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Excruciating Back Pain Following a Family Death: Seeking Advice

Discussion in 'Support Subforum' started by Northwood, May 19, 2020.

  1. Northwood

    Northwood Well known member

    Hi, All, I’ve posted a few times. Briefly, I learned about TMS in January. I’ve read the literature accept the diagnosis, and have been doing my best to apply TMS recovery strategies to my own life. If you’ve read any books about TMS, you already know a lot about who I am. To date, I have had some success alleviating my long history of recurrent low back and butt pain.

    Since starting the TMS work, I have come to see pretty clearly that my physical pain connects deeply with my parents—very early traumatic separation from my mom and, more profoundly (it seems) years of rejection and silence from my dad. I stopped calling my parents “mom” and “dad” years ago as a way of distancing myself from them. Interesting to experiment with reapplying those titles and noticing how doing so affects me. I see I’m a little past rage and into weariness and grief. Anyway, my father died this past Friday. I was able to travel to the hospice, sit with him during his final hours, say what I could (while he was unresponsive) and then later after he died sit with his body while waiting for the funeral home to pick him up.

    When I returned to my home city, I experienced a gradual onset of low back pain that started on Sunday evening and became crippling by Monday morning, just before I was going to go into work. It was so painful, I had to call in. Spent most of yesterday in bed with periodic walks to keep moving. Today, early Tuesday, it’s a tiny bit better. But the pain is considerable. The whole rest of my body feels fine.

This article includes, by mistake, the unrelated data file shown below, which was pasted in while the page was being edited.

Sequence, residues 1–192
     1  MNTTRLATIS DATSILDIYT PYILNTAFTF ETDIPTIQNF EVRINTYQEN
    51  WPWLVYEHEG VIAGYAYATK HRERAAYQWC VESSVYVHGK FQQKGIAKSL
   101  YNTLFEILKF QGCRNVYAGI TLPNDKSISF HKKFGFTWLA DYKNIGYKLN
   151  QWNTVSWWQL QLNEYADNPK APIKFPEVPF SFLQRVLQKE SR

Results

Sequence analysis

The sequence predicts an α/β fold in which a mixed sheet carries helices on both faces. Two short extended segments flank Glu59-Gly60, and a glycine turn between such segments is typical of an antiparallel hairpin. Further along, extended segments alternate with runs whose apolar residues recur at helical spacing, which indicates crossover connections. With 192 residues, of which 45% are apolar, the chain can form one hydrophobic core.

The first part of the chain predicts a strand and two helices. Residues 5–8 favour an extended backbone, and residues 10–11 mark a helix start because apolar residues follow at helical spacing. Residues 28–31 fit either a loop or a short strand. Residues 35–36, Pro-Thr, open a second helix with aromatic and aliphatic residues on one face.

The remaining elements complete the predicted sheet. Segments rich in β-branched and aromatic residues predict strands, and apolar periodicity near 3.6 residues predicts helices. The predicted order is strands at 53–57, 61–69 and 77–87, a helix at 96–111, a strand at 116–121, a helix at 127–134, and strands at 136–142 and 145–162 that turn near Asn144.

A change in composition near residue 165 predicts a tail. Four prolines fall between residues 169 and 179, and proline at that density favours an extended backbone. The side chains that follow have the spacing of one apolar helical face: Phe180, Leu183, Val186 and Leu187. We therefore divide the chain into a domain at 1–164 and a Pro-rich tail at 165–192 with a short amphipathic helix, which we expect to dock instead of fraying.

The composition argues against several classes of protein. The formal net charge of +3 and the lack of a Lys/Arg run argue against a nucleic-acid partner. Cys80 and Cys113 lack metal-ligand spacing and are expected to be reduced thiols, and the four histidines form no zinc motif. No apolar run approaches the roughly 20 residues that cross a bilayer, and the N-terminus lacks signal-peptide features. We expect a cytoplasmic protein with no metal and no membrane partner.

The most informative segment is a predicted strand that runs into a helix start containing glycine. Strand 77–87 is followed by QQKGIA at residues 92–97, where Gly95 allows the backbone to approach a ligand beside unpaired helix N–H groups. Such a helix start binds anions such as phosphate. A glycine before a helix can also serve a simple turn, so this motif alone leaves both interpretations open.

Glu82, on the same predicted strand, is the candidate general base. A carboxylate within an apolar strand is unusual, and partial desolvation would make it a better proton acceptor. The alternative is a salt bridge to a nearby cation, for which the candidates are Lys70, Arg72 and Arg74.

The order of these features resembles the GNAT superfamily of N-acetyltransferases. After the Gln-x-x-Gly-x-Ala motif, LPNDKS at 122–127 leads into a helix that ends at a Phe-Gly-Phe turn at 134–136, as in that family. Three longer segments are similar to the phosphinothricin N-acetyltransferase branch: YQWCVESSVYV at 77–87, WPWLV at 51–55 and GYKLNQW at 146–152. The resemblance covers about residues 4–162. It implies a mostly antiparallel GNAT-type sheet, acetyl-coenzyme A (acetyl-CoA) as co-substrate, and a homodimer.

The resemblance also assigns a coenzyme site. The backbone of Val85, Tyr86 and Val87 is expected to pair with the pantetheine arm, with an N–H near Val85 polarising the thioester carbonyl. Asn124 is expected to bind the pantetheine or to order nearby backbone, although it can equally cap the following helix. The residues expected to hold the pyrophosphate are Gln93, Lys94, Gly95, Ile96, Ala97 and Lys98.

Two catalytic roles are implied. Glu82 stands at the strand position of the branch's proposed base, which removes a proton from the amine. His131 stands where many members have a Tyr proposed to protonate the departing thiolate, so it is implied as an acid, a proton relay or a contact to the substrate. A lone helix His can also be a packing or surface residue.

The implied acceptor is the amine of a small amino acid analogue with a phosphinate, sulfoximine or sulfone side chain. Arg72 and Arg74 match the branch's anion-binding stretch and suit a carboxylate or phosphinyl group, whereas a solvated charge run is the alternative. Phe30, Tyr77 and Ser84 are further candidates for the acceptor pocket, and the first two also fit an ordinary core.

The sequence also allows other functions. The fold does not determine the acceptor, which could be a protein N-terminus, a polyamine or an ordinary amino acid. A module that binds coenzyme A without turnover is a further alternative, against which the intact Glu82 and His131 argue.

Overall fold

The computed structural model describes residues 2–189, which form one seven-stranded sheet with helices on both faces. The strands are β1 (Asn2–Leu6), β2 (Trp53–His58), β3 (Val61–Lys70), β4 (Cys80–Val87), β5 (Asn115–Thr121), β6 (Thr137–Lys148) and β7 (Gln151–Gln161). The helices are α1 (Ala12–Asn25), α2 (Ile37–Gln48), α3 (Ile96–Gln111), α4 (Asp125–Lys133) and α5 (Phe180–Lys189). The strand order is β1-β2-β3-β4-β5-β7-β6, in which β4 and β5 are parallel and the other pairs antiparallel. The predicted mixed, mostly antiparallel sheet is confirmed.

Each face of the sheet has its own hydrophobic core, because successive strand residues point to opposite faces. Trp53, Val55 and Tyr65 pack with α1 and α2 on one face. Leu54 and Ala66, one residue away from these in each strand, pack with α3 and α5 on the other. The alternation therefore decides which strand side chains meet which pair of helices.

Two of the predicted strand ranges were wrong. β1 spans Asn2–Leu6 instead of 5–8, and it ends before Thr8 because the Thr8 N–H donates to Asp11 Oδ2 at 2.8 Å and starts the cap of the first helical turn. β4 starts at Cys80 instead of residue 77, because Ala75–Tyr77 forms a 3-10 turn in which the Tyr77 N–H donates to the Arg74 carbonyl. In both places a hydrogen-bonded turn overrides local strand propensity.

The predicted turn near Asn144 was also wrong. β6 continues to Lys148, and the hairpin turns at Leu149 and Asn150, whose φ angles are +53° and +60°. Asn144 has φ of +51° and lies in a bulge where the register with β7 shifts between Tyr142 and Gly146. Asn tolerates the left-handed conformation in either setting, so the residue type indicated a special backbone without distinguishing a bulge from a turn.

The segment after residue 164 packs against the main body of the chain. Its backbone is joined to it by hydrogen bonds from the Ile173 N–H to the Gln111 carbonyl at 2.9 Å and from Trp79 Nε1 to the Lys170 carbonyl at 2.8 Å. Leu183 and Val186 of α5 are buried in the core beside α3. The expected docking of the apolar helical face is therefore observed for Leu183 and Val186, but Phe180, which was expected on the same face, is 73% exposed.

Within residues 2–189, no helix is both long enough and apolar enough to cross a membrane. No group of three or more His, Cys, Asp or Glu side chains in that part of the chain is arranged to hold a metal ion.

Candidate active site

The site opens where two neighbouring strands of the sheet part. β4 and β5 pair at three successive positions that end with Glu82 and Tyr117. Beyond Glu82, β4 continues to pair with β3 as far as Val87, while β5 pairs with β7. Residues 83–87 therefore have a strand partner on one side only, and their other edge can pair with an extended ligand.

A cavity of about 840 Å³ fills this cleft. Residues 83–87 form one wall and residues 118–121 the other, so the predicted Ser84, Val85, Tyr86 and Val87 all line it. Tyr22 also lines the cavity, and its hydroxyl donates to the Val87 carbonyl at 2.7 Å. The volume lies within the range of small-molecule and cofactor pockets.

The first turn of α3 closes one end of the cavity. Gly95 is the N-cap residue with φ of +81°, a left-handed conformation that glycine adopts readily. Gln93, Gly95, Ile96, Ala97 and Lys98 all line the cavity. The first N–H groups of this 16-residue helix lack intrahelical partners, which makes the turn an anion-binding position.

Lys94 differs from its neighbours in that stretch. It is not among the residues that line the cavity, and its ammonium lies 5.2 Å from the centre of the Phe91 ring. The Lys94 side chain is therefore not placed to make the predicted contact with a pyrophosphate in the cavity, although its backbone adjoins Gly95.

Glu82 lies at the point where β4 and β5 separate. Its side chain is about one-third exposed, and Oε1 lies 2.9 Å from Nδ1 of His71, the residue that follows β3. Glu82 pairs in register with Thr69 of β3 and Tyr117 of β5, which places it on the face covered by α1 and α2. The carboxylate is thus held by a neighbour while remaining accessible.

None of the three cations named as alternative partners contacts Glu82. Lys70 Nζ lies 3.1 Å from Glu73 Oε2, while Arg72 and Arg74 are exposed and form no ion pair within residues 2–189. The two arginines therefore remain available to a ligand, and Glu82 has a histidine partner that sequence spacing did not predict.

I am trying to understand the nature or message of this pain and what I need to do to get through it. I’m pretty sure it'1s TMS, though there is a possibility I may have strained my low back by recruiting it as I’ve been doing leg lifts to strengthen an extremely weak right calf which is still recovering from a surgery last fall. Perhaps the TMS is using that as its opportunity. I don’ t know. I do know that my father’s death is huge in my life, a final statement of his rejection and silence, and that via this TMS work I’m in the midst of daylighting my own buried rage and conflicted feelings on the long road toward healing, letting go, forgiving.

    My question for the community is: what are resources to look at or advice you have regarding real-time strategies for recovering from a flare-up of physical pain? I don’t seem to be the “book cure” type. I don’t believe I have physical damage, so how best to proceed with this great pain? My hope is to be done with it, of course, to not linger in pain for weeks. I am applying techniques taught here, checking self-criticism, pressure, fear. Self-soothing. Feeling feelings, which is not easy, I’m finding—and trying not pressure myself to feel, that crazy balancing act. I'm bummed about the new delay in all the exercise I'd been doing, finally making progress. When should I resume "vigorous activity?" I guess I’d just like any leads or advice on things to do when the pain is severe and it’s a challenge to avoid obsessing or feeling overwhelmed, fearful. I really want to do what I need to do to put these encounters with chronic pain behind me so that I can live the active, pain-free life that I believe is possible.
    Baseball65 and plum like this.
  2. Mr Hip Guy

    Mr Hip Guy Well known member